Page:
Local college students continue fight for civil rights
Patricia Stephens Due leads the first of several Tallahassee sit-ins, where courageous students from FAMU and FSU sit in at local whites-only establishments. Many of the non-violent protesters were detained at the former Leon County Jail, which was situated at the corner of South Gadsden Street and East Gaines Street, near Cascades Park. Many of the protesters chose “jail over bail,” garnering attention and support from people across the country, including that of Dr. Martin Luther King, Jr. A community-envisioned historical plaza highlighting these and other historical moments in Tallahassee’s history will soon occupy the site of the former jail.
Cascades Park receives historical designation
Cascades Park is added to the National Register of Historic places due in part to the role it played in the selection of Tallahassee as Florida’s capital city. The National Register application also notes the significance of the park’s original waterfall and the inclusion of Florida’s prime meridian marker.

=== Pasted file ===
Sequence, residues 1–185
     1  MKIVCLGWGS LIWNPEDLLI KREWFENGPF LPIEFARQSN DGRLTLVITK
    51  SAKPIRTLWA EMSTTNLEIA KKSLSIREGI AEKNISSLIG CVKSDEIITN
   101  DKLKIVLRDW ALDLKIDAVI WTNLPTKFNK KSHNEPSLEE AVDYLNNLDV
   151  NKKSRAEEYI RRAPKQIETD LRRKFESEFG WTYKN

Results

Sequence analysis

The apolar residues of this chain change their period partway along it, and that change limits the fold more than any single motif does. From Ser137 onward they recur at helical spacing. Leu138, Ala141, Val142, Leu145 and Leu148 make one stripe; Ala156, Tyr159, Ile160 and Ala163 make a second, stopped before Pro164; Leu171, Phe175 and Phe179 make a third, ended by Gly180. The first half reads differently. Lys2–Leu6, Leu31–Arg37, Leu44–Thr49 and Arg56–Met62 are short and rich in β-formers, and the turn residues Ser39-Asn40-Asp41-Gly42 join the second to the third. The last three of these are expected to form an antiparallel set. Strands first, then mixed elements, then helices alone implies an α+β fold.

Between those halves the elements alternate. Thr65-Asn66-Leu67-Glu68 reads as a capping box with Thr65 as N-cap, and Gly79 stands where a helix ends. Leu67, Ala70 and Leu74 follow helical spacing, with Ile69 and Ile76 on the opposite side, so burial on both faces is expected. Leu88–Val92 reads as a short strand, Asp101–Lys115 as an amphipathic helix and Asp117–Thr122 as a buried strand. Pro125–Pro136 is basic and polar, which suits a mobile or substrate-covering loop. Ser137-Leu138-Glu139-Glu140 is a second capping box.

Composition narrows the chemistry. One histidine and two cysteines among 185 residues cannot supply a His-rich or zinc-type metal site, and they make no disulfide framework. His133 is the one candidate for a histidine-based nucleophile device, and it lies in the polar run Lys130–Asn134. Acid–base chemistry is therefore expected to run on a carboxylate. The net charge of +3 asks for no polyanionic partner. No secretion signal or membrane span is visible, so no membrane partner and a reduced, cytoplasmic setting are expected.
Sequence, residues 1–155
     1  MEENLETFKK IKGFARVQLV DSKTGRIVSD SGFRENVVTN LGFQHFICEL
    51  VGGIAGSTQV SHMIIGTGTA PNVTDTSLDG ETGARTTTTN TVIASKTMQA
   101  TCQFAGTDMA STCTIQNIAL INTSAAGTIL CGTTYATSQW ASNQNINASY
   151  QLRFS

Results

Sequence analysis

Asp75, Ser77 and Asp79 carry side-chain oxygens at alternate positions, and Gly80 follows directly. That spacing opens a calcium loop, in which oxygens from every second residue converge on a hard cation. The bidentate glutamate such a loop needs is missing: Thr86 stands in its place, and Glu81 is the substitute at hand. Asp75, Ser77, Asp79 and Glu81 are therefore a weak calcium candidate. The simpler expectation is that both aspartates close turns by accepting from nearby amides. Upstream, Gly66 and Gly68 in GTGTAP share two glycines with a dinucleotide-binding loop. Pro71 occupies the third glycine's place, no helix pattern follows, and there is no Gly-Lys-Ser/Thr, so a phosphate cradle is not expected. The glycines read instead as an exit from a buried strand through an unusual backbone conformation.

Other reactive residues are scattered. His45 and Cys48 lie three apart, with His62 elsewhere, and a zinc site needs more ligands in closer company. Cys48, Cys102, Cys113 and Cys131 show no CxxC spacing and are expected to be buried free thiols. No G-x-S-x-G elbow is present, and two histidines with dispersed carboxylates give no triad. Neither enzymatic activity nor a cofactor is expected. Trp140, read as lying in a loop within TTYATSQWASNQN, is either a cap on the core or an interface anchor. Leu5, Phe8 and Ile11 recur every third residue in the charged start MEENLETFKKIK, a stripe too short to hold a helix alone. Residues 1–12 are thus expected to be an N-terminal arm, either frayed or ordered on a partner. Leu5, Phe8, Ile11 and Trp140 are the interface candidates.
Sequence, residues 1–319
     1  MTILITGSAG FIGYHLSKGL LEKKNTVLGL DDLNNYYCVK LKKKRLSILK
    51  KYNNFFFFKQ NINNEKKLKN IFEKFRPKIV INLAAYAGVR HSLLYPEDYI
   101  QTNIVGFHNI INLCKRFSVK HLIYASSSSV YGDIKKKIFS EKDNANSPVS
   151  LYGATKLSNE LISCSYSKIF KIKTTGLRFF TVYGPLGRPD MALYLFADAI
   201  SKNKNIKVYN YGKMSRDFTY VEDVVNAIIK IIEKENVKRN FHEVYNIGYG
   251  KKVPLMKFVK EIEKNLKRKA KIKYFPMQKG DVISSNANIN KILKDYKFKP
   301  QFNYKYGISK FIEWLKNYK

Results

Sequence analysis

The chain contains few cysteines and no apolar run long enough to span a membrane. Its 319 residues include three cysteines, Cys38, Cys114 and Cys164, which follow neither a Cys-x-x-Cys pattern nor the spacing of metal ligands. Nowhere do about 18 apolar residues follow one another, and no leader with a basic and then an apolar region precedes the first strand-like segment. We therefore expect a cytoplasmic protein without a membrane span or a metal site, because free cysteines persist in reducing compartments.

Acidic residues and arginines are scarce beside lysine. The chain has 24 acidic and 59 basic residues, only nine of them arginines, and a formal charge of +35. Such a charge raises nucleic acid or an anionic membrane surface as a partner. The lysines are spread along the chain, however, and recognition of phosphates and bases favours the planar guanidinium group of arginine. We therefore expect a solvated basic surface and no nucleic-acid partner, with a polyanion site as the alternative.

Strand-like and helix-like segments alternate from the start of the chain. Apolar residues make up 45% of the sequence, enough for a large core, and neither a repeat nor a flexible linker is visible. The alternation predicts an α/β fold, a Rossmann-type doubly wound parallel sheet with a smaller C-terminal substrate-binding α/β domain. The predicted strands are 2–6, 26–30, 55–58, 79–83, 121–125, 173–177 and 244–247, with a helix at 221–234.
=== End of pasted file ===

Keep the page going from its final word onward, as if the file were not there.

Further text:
Cascades Park closes
Cascades Park closes and falls into disrepair due to coal-tar contamination. Many of the surrounding buildings would later be vacated and left to decay.
Civic leaders launch plan to revitalize Cascades
Civic leaders begin plans to remediate Cascades Park after years of neglect. Local officials work with the U.S. Environmental Protection Agency (EPA) to clean up toxic waste, while engineers design a stormwater management system disguised as a pristine 24-acre park to address destructive flooding. Funding for the project comes from a citizen-supported penny sales tax in addition to other public and private sources.
Cascades Park reopens
The re-imagined and revitalized Cascades Park opens to the public. The revitalization project attracts $400 million in private sector investment around Gaines Street, and the economic impact continues to grow today.
City selects developer to transform Cascades into a live-work-play-stay destination
Commercial developer North American Properties (NAP) purchases the two city blocks bordering Cascades Park as part of the Tallahassee Community Redevelopment Agency’s (CRA) plan to revitalize the area and establish a vibrant, 18-hour live-work-play-stay destination.
Construction begins at Cascades
Construction begins on a 5-acre mixed-use development bordering Cascades Park, featuring apartments, townhomes, offices, retail, restaurants, event space, a boutique hotel and a community-envisioned historical plaza. Phase I of the project will open in Spring 2021.
Historical images sourced from the State Archives of Florida and floridamemory.com.